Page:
‘the majority of fixations, even in the condition that did see the model’s face, was on the ‘demonstration’ area in which the objects, the model’s pointing gestures, and the model’s manipulation of the objects took place. And even though participants in the condition that did see the model’s face spent some time observing the face that could not be spent on observing the demonstration, this was not detrimental to learning; in contrast, it even seemed to help learning.’

They contrast this with earlier studies that conclude that seeing the model’s face distracts the user’s focus on gestures. It would be interesting to see (or do!) a study on whether being able to see the speaker’s face has any effect on the effectivenss of or engagement with recorded lectures.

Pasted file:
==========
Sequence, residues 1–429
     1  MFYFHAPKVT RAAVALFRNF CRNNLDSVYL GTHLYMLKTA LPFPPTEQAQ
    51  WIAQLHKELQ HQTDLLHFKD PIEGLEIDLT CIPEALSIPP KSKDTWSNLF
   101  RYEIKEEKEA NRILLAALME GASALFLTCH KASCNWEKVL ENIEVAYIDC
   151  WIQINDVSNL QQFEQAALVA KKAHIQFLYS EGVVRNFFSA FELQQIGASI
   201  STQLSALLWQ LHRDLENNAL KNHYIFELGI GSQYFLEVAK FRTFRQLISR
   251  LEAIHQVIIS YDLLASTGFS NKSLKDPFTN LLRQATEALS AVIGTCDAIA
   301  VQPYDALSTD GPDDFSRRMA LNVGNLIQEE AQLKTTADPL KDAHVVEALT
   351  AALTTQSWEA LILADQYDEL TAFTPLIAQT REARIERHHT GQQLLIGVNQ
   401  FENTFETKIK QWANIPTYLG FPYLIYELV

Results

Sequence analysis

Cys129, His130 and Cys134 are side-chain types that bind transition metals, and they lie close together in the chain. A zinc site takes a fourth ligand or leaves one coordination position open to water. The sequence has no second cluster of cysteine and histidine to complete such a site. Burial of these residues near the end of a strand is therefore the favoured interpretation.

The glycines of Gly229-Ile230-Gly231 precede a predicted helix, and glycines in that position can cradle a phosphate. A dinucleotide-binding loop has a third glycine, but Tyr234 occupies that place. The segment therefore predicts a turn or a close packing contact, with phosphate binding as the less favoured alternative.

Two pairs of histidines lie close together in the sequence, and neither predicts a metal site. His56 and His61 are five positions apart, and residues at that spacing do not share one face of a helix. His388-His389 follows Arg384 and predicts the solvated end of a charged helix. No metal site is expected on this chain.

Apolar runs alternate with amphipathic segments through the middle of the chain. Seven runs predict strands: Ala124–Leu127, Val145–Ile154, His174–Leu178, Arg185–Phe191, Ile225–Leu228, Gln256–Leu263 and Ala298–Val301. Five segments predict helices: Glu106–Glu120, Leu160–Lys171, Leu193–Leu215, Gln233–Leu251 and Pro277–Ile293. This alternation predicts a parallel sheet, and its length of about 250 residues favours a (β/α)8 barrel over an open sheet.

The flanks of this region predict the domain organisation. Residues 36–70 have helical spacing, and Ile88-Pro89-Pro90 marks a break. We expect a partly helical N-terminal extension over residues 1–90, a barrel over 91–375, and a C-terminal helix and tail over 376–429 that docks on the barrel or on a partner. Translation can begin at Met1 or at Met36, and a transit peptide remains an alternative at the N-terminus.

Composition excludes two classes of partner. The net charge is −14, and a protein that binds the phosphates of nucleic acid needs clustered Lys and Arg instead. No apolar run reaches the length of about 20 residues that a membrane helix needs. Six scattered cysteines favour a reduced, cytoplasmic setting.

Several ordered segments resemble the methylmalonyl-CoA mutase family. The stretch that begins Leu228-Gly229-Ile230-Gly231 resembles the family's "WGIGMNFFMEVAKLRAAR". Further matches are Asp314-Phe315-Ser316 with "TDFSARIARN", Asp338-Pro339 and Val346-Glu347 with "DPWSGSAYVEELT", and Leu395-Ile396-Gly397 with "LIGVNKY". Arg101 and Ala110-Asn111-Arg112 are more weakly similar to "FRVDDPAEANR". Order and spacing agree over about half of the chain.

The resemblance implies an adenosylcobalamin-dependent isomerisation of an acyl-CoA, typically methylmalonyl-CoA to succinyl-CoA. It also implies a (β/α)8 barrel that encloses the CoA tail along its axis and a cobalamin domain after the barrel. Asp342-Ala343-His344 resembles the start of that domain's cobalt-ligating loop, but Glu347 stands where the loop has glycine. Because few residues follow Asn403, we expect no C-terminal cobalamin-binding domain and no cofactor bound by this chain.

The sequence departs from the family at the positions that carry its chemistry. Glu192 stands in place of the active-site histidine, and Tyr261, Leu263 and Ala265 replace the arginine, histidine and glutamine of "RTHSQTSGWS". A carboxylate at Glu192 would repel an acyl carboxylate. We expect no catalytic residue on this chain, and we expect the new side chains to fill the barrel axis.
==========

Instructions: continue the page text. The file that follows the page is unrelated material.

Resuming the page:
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Viewing times and attention spans

A couple of blogs recently have highlighted user viewing times as evidence of the effectiveness of short videos for teaching in HE.

Alan Cann ( uses viewing times on You Tube videos (which he suggests are around 45-85 seconds) to argue for short (< 5 mins) videos covering difficult to grasp or threshold concepts to supplement lecture material. Similarly, Philip Guo ( uses the viewing times of videos in edX MOOCs to show that the ‘optimal’ video length is 6 minutes. Both posts specifically mention students’ short attention spans.